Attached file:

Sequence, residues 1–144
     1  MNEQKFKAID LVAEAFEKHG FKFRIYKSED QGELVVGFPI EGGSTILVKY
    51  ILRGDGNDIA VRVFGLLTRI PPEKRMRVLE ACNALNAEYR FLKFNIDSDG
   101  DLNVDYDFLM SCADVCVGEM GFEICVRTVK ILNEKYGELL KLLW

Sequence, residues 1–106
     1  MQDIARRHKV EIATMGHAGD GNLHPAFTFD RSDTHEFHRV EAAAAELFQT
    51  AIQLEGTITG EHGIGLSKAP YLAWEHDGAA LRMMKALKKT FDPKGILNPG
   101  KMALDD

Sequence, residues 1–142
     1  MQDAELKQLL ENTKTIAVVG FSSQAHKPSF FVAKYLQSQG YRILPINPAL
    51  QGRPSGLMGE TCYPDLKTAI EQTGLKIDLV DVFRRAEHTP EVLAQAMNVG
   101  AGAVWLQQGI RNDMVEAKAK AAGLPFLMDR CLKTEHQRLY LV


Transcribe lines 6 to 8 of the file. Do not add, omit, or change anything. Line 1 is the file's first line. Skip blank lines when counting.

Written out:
     1  MQDIARRHKV EIATMGHAGD GNLHPAFTFD RSDTHEFHRV EAAAAELFQT
    51  AIQLEGTITG EHGIGLSKAP YLAWEHDGAA LRMMKALKKT FDPKGILNPG
   101  KMALDD